Sometimes he would go to the companions and find that it was the time of their mid afternoon siesta, known as qayloola. They still do this as it’s too hot to go outside at that time. So ibn Abbas would place his garment as a pillow against their door, and lean on it in the scorching heat until they woke up. He could have knocked and asked them, because he was the cousin of the Prophet (peace be on him) so they would have opened the door. However, it was not the correct etiquette to use your title or position to disturb them to seek knowledge. And though the wind would blow sand into his face, he wouldn’t leave, but waited patiently so that he could listen to the hadith. When the companion awoke he would say, ‘O cousin of Rasul Allah, why are you here? Why didn’t you ask for me? I would have come.’ Out of honour to the family of the Prophet (peace be on him). But Ibn Abbas would say with complete humility, ‘No, I am the one who should come to you, because I have heard that you have a hadith from Rasul Allah and you narrate this hadith, so I want to hear this from you.’ And one by one all the companions like Abu Bakr and Umar and the others passed away (may Allah be pleased with them), and people around him asked him for the knowledge, as he became the authority of Madinah later.

His friend then observed that Ibn Abbas had been the cleverer than him, and had spent his time wisely. Ibn Abbas used to write down the knowledge he sought, memorised it and constantly reviewed it. Imam al-Hakim commented on this story by saying, ‘This hadith is one of the main principles in seeking hadith and honouring the muhaddith (the scholar of hadith).’

Utilise your time

There are many lessons in this story, but one is that Ibn Abbas took the opportunity while he was young, to learn. He did not waste his time or energy playing Fortnite, or PlayStation! Instead, he sought knowledge from these companions while they were still alive. His friend thought he is wasting his time, as the great companions were alive– Abu Bakr, Umar, Ibn Masoud (may Allah be pleased with them), so why would anyone take a boy seriously when he had no weight compared to these authorities.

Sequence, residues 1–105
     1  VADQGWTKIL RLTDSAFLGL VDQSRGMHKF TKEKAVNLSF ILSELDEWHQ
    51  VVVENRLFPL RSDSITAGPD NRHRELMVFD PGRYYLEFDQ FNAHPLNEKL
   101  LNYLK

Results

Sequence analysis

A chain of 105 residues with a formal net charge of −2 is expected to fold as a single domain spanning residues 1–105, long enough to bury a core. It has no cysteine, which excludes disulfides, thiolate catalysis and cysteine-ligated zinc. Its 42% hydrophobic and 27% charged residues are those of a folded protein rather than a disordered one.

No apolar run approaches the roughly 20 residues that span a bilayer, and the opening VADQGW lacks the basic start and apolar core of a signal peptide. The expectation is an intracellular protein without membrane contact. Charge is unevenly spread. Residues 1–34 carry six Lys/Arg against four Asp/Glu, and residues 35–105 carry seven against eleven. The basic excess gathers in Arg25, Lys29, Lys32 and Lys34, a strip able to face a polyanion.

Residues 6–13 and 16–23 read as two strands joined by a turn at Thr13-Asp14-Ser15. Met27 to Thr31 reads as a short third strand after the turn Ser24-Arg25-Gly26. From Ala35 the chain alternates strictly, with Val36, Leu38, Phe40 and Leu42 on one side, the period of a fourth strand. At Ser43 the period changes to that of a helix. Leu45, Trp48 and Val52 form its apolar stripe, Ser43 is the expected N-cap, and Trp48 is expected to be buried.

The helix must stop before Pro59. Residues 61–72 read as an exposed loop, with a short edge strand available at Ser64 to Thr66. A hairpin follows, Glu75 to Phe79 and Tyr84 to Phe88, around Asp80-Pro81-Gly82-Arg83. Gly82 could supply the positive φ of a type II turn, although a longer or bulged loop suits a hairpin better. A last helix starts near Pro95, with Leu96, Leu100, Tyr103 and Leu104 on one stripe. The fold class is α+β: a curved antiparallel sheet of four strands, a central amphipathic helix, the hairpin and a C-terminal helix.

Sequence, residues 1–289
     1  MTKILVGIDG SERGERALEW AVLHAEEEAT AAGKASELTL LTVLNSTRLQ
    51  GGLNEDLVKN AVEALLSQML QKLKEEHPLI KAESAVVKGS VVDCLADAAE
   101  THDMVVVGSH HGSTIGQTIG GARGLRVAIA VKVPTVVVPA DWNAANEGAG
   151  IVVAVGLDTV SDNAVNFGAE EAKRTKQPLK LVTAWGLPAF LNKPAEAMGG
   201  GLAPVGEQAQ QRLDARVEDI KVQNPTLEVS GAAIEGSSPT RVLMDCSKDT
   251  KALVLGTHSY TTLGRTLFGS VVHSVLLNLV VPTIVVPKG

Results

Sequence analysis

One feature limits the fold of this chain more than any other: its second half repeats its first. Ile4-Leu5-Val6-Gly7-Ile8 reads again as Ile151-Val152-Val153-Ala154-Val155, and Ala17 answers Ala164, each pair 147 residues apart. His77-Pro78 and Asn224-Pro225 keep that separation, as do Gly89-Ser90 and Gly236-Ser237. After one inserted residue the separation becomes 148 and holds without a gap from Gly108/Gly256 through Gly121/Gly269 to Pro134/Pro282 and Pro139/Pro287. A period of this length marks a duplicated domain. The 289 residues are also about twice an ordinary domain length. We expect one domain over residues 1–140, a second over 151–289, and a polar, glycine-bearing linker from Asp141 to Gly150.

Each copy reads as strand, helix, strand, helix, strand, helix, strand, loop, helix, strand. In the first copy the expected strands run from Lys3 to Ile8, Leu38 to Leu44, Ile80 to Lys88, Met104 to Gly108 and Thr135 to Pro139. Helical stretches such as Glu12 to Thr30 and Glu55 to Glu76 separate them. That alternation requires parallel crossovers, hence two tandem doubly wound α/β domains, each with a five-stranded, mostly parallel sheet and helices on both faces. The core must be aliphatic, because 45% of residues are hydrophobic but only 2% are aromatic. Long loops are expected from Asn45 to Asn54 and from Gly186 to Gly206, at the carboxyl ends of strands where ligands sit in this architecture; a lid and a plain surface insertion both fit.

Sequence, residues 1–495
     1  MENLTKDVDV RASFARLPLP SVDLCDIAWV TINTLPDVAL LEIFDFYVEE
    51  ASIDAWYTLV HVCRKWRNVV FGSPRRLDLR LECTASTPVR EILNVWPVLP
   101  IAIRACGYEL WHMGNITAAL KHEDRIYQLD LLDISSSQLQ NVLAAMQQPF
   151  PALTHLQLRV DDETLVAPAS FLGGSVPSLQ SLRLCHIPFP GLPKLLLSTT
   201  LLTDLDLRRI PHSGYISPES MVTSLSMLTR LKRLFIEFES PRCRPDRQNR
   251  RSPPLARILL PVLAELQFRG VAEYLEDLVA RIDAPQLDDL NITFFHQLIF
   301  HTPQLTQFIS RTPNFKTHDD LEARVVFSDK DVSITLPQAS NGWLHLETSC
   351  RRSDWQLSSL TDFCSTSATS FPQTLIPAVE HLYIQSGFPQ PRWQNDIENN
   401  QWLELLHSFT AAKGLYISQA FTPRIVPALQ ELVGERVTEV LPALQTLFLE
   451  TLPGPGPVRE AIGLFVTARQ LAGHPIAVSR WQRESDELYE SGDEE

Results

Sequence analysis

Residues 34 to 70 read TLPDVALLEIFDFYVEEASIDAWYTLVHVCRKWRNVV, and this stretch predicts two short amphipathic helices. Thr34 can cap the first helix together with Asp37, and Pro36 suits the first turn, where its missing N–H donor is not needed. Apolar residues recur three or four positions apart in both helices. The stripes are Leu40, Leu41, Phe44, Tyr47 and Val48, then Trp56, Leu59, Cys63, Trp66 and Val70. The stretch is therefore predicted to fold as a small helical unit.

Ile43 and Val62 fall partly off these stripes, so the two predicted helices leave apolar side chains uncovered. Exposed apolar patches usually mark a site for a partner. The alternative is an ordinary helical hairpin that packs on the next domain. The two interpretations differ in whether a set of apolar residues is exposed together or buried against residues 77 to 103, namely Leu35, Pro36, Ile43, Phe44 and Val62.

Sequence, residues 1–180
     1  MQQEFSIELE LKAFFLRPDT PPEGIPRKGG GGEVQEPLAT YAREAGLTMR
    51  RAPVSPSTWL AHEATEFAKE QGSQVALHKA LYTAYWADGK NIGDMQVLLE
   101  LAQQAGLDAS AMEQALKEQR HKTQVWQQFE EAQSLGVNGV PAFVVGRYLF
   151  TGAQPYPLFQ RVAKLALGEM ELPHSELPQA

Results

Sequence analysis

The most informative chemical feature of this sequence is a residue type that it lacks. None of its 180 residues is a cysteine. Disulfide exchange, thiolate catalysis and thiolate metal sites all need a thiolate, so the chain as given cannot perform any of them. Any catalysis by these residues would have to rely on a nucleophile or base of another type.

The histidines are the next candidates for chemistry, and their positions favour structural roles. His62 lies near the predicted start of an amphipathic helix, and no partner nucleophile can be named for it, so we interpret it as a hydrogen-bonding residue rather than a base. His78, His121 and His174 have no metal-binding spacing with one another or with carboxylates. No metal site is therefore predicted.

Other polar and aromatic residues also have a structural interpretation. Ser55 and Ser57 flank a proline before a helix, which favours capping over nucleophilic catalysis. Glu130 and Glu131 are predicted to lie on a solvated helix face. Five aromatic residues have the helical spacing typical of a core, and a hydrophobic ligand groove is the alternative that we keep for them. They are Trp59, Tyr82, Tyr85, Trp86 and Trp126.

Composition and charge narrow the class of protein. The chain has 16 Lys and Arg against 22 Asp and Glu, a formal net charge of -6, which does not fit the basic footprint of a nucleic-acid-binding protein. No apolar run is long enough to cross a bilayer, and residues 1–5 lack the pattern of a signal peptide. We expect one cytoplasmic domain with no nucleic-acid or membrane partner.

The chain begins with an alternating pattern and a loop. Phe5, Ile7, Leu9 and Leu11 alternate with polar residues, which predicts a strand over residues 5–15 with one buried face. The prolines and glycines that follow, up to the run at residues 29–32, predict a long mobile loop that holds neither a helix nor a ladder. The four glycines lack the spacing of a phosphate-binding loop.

However, Ibn Abbas looked to the future. He knew he was young, but later he become the authority. He was learning for the sake of learning and persevering the knowledge and carrying it to future generations. And indeed, all those who came afterwards have referred to him, not because he was the cousin of the Prophet (peace be on him) which was an honour, but because of his efforts and the energy he dedicated to preserving knowledge and his legacy.

Shaykh Khalil Al Mays

I was fortunate to study with Shaykh Khalil al Mays, who was born in a village in Lebanon where they had nothing but fields and cows so there was not much scope for education, so his father sent him to al Azhar in Lebanon, which is linked to Al Azhar in Egypt and has visiting teachers from Egypt, as well as Lebanese teachers. He used to return home during the holidays and described how he would be holding his book in one hand and the reins of his mule in the other. He was so dedicated. And he had a friend who left Lebanon and migrated to do business and he made a fortune. He was the wealthiest in the village, with a castle, big farm and swimming pool and one day he invited Shaykh Khalil who was the shaykh of the area, and had also become the Mufti of the county (biqa’).

The friend held a huge feast and he invited everyone in the village, with Shaykh Khalil as his honorary guest. At the end of the meal, he asked the Shaykh to say a few words. Shaykh Khalil was very eloquent. Whenever he spoke, he would take you to a different planet. Mashallah he was also so humble he would sit on the floor and feed you from his own hands, even though he is a mountain of knowledge. When he finished his speech, his friend got up and said that though he had made a fortune, he wished he could donate all his wealth to have a fraction of the knowledge the Shaykh had. This is a true story. Truly, Allah honours the people of knowledge when they are sincere.

Don’t waste any opportunity